Between the Buried and Me: Colors 10th Anniversary

Sold Out: Between the Buried and Me: Colors 10th Anniversary

The Contortionist, Polyphia, Toothgrinder

Thu, October 12, 2017

Doors: 6:00 pm / Show: 7:00 pm

This event is all ages

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Between the Buried and Me
Between the Buried and Me
Grandiose, dynamic, heavy, melodic, technically challenging: these are all words that fall equally short when trying to describe Between the Buried and Me's sonic offerings. When tasked with explaining the band's previous effort, The Parallax II: Future Sequence, Decibel Magazine claimed that the album "offers more substance than most bands put forth in entire careers" and Metal Hammer simply stated that it was "utterly captivating." Where does a burgeoning progressive act go from there? The answer is found in their seventh full-length album, Coma Ecliptic. Spanning just over an hour, the album stands as a significant step in the evolution for the group as a whole, as well as the individual musicians: vocalist / keyboardist Tommy Rogers, guitarists Paul Waggoner and Dustie Waring, bassist Dan Briggs, and drummer Blake Richardson.

Tommy Rogers posits: "Coma Ecliptic is a new life for BTBAM. Throughout the process we worked harder than we ever have and really pushed the BTBAM sound to a new identity. In a world of repetition, I'm very proud to be a part of something that is extremely rewarding, as well as frightening. When you don't push yourself you will never know what the outcome is. The outcome is Coma Ecliptic."

What is Coma Ecliptic? It can be interpreted as a modern rock opera, and another ambitious concept album from a band that has completely mastered that format. Dan Briggs comments: "Spending the last year immersed in a world of Quadrophenia, Operation Mindcrime, The Wall- as well as Sondheim and Lloyd Webber musicals, Stravinsky and Mussorgsky symphonic suites; writing an over the top, dramatic and forward thinking rock opera was the most natural thing to do." The story follows the wanderings of an unidentified man, stuck in a coma, as he journeys through his past lives. Each song is its own episode in a modern day, sort of The Twilight Zone-esque fashion. The unidentified man enters each world and is offered a choice: stay, or move on to the next in search of something better, something more "perfect." The man does find his ideal life, but then is offered the ultimate choice of life or death. He chooses life and wakes up to his own actual reality. It's at that moment he realizes that he had been in a coma - everything that happened had been dreams and false memories. After awakening, we find the man outside finally experiencing reality, and he sees what he has been missing: the world is beautiful, the air is fresh, and the people appear to be happy, and then he falls over dead. The take away from this is to make the best of your life. People are constantly searching for something better without taking the time to appreciate the things they have. What we need may already be here, and is hopefully real. We may all be in a coma in another life.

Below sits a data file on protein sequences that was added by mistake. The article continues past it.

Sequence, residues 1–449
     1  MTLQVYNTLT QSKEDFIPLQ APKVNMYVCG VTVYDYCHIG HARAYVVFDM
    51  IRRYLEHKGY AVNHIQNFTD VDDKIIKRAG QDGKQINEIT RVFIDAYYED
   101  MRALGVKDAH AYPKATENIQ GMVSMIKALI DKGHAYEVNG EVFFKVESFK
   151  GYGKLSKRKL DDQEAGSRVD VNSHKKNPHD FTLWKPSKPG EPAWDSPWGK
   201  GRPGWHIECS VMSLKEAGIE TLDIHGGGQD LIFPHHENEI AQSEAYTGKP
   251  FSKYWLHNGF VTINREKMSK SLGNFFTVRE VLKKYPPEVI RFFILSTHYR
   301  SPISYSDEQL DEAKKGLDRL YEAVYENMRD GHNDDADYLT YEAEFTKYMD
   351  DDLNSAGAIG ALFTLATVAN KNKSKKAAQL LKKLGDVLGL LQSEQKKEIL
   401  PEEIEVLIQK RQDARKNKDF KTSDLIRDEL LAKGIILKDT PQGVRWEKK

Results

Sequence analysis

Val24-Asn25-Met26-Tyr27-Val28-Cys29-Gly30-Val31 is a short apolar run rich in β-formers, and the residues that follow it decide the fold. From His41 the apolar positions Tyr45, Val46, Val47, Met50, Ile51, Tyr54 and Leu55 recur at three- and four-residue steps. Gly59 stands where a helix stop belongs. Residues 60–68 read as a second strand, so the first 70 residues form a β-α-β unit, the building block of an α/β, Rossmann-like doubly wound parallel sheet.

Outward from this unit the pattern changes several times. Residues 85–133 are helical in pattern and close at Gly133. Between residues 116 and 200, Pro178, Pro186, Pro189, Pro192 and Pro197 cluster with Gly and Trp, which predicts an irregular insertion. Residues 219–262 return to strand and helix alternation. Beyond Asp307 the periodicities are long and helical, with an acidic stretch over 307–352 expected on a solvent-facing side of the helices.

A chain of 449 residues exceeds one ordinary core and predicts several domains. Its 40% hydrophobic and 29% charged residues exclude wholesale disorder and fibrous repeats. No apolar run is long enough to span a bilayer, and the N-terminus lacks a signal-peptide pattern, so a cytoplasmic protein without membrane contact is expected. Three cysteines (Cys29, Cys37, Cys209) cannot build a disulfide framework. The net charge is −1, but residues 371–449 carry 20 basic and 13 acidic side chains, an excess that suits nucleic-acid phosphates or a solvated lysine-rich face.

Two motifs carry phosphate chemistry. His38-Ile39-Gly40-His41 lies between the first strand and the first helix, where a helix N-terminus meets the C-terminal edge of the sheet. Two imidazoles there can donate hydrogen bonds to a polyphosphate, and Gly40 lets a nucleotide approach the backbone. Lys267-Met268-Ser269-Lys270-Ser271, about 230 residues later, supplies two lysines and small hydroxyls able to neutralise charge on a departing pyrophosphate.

Musically, Coma Ecliptic boasts a series of emotive peaks and valleys that drive the narrative along with the lyrics. Tracks such as "Memory Palace", while sounding wholly unique, clearly have a distinct BTBAM flavor to which fans have grown so attached. "The Coma Machine" brings to mind prog in the most classic sense; think YES and King Crimson passages with the added layer of modern metal heaviness. "Dim Ignition" highlights Rogers' continuing development as a keyboardist, but don't fret, there's still plenty of speed, technically challenging guitar, bass, and drum runs, and quirkiness throughout. What makes these parts work is the interplay of the heavy and technical with the simpler, almost cinematic, soft passages; that is the power of Coma Ecliptic. The listening experience is a journey, and when "Life in Velvet" brings the album to a sudden, triumphant end, fans will surely be reaching for the replay button. But what does the band think? Rogers adds: "If you asked me what this record sounds like, I would tell you BTBAM. With every listen I still find new exciting moments that each member has put into these songs. After all these years we still push each other to try new things and push our individual skills to the next level. It is an absolute thrill to write with such an inspiring group of people." Briggs continues: "Writing with a focus on storytelling and just crushing melodic themes set the tone early on before we were even in the rehearsal room together. Put your velvet capes on and get ready for a journey!"